Meanwhile… Python can be run with any number of threads and any level of memory allocation (although its garbage collection becomes problematic above ~1-2 GB). A single instance of Python could utilize all of the computing powerful available on a given machine to complete a processing operation, allowing the user to focus on improving code instead of babysitting large-scale computations.

Note: the speedup with Python would not necessarily be proportional to the number of threads in use, due to the Global Interpreter Lock. Still, having the possibility of multiple threads is better than being limited to one thread.

4. Lovely, lovely object-oriented design

MATLAB’s support for typical abstraction forms is poor. MATLAB classes are needlessly complicated, can only be instantiated as static objects, and deliver slower performance than non-object implementations. In addition, class data is not cleared each time a given program is run, even if the scope of an instantiated class is within a function. This makes for strange bugs, and eliminates the ability to scope variables that is supposed to be hallmark of OOP.

These drawbacks incentivize developers to abandon object-oriented design in favor of procedural programming, which carries its own set of problems for large-scale applications. Procedural programming means every small change to a component requires considering every level of the application that depends on that component, instead of hiding the implementation behind a wall of abstraction. Thus, as MATLAB programs become larger, they become big balls of mud.

Meanwhile… Python supports objects every bit as powerful and fully-featured as C++ (although its support for inheritance is a bit iffy). Classes can be static, or shared, or synchronized between threads.

5. Package management like it’s FedEx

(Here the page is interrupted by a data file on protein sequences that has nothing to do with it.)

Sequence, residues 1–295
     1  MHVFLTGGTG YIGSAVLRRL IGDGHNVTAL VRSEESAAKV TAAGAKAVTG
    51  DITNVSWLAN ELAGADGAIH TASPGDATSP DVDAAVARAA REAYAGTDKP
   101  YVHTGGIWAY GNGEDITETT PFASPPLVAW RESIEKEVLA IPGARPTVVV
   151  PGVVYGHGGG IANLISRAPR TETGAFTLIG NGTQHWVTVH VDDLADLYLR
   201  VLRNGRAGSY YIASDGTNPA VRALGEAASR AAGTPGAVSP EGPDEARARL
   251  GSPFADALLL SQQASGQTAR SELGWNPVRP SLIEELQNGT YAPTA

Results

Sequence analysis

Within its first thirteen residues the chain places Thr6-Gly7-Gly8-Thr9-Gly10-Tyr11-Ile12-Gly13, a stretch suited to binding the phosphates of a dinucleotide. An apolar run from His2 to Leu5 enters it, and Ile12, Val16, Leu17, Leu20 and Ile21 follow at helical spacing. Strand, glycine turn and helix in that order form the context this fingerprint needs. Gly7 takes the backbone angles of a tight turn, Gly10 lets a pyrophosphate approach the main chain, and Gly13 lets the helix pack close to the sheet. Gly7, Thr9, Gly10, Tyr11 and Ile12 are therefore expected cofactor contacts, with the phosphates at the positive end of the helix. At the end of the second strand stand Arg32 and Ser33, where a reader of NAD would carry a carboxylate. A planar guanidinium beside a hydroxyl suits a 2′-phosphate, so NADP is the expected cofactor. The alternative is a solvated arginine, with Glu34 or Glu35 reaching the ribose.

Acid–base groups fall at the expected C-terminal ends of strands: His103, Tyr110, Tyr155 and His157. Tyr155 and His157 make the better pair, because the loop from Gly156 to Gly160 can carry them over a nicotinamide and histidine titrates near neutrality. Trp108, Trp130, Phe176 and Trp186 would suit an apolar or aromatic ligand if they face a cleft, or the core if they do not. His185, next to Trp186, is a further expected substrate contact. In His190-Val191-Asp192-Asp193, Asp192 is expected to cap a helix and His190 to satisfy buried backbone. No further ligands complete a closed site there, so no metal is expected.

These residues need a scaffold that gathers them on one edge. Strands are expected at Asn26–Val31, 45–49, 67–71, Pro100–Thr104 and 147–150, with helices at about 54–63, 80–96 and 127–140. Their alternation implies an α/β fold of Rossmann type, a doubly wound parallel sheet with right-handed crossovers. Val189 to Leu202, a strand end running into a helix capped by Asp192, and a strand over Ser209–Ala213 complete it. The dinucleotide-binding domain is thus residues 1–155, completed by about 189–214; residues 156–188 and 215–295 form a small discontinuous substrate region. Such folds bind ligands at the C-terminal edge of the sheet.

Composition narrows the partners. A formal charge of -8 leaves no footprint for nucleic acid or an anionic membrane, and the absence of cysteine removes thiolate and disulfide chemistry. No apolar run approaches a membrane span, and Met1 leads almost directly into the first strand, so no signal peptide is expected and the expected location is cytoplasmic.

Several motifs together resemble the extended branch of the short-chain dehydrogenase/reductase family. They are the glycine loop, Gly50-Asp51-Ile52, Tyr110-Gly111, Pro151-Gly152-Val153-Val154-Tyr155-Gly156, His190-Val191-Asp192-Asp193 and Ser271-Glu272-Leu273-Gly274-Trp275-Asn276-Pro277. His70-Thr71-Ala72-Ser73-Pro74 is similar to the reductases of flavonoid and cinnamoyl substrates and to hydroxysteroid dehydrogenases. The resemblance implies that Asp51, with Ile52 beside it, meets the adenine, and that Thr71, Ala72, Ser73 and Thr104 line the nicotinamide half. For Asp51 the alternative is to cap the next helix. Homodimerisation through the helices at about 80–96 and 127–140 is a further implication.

MATLAB does not support packages or namespaces, opting instead for the path approach (which was abandoned decades ago by all modern languages including C). Since programs cannot explicitly declare which packages are required, MATLAB code running perfectly on one machine may deliver unexpected results on another. In addition, since resources cannot be placed within well-contained, organized, well-documented buckets, MATLAB code tends to end up as a sprawling mess of interconnected m-files.

Meanwhile… Python’s package system is one of the best in the industry, and the entire package needs of a program can be determined using just the source code. A bunch of tools (easy_install, pip) are available for downloading and installing Python packages, all of which are available as open-source.

6. Data-centric resources that aren’t Excel

MATLAB lacks the concept of a ‘data table’. MATLAB’s primary data structure is a two-dimensional array of double values which, although powerful for linear algebra-based operations, is unacceptable for the vast majority of the world’s data, which usually has timestamps, string entries, and multiple types of tables.

Meanwhile… Python incorporates data-centric features from industry-standard tools like R and Ruby thanks to the popular Pandas package. The essential feature of this package is a single object (pandas.DataFrame) that allows any type of data to be organized into a single table.

7. A Swiss Army Knife of string processing resources

MATLAB uses an arcane C-style method of string processing. While fast and easily learned, it is not very flexible and leads to major issues parsing even the simplest text formats.